MALONE — Franklin County declared a state of emergency for the period beginning at 3 p.m. yesterday, county announced in a press release issued late Tuesday. The declaration will remain in effect for 30 days, or until 11:59 p.m. on June 21. The declaration will be reviewed prior to its expiration to determine if an extension should be considered, the release stated.
According to the release, the state of emergency has been declared to address concerns related to the May 11 expiration of Title 42, an order that prohibited the migration into the United States by “covered non-citizens” traveling from Canada or Mexico that would otherwise be introduced to a congregate setting at a port of entry, U.S. Border Patrol station, or near U.S. land and adjacent coastal borders.
St. Lawrence County took the same step last week, according to reporting in the Watertown Daily Times.
The Telegram or its sister publications have not received any reports of a wave of migrants at either the Franklin or St. Lawrence county’s border with Canada followng the expiration of Title 42.
Franklin County shares 34 miles of border with Canada including three border crossings – in Fort Covington, Trout River, and Chateaugay, which officials say presents a “high probability of an influx of individuals who may be seeking shelter,” the release stated.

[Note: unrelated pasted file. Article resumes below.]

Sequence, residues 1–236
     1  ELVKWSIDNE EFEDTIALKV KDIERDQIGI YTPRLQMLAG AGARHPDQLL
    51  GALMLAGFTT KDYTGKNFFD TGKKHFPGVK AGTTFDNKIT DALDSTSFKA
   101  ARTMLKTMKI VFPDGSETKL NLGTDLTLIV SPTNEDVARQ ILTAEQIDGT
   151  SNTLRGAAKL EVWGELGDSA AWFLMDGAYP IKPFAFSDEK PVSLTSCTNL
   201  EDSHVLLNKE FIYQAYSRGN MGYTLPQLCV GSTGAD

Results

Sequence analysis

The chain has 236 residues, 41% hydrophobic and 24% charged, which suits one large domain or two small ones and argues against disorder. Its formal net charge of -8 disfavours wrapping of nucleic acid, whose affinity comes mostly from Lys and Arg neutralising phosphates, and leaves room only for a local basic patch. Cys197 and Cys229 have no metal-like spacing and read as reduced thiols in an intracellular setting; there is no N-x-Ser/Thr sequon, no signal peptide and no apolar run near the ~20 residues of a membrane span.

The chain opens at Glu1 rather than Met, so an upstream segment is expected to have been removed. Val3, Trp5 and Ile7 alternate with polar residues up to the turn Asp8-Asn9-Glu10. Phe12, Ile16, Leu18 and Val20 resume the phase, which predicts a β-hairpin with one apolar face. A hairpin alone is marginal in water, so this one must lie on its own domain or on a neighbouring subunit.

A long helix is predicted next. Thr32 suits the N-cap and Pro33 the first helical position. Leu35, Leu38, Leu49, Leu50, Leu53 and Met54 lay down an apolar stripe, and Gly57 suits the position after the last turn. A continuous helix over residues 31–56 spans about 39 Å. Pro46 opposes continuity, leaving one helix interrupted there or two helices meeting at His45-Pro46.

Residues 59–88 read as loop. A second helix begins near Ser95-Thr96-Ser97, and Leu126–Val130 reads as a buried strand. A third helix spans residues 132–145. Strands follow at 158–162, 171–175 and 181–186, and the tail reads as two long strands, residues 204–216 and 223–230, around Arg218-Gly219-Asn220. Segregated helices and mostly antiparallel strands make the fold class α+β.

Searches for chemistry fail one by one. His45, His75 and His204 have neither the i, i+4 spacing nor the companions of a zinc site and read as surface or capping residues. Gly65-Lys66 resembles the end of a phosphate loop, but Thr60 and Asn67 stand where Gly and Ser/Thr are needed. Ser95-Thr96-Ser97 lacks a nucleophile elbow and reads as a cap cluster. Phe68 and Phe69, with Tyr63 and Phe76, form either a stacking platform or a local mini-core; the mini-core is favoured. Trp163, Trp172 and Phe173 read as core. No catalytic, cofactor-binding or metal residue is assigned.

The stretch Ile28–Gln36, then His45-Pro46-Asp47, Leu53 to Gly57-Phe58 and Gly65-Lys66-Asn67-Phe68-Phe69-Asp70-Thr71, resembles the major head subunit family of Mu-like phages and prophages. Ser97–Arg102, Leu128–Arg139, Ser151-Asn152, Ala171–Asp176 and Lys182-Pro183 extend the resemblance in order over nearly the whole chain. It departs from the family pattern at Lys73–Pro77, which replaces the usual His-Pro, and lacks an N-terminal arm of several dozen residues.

The Title 42 order expired simultaneously with the federal COVID-19 public health emergency declaration, the release said.
“Franklin County consistently rates in the top 10 poorest counties in New York State and is not equipped to meet the needs of those individuals who may be looking to enter the United States at the border crossing in the county,” a statement signed by Edward Lockwood, chair of the Franklin County legislature and county manager Donna Kissane read. “The arrival of an increased number of individuals will further challenge the limited resources currently available to meet the needs of the existing population.
“There is potential that this is a scenario which could create a disaster emergency which could threaten the health and safety and coule result in the loss of life and/or property.”
On May 9, Gov. Kathleen C. Hochul issued executive order number 28 declaring a disaster emergency in the state of New York until at least June 8, the release said.
According to the release, local emergency orders may be promulgated by the chair of the board of legislators in accordance with article 2-B of the New York State Executive Law during this state of emergency. This emergency order would be issued in order to protect life and property and allow emergency and municipal personnel time to bring the emergency conditions under control.
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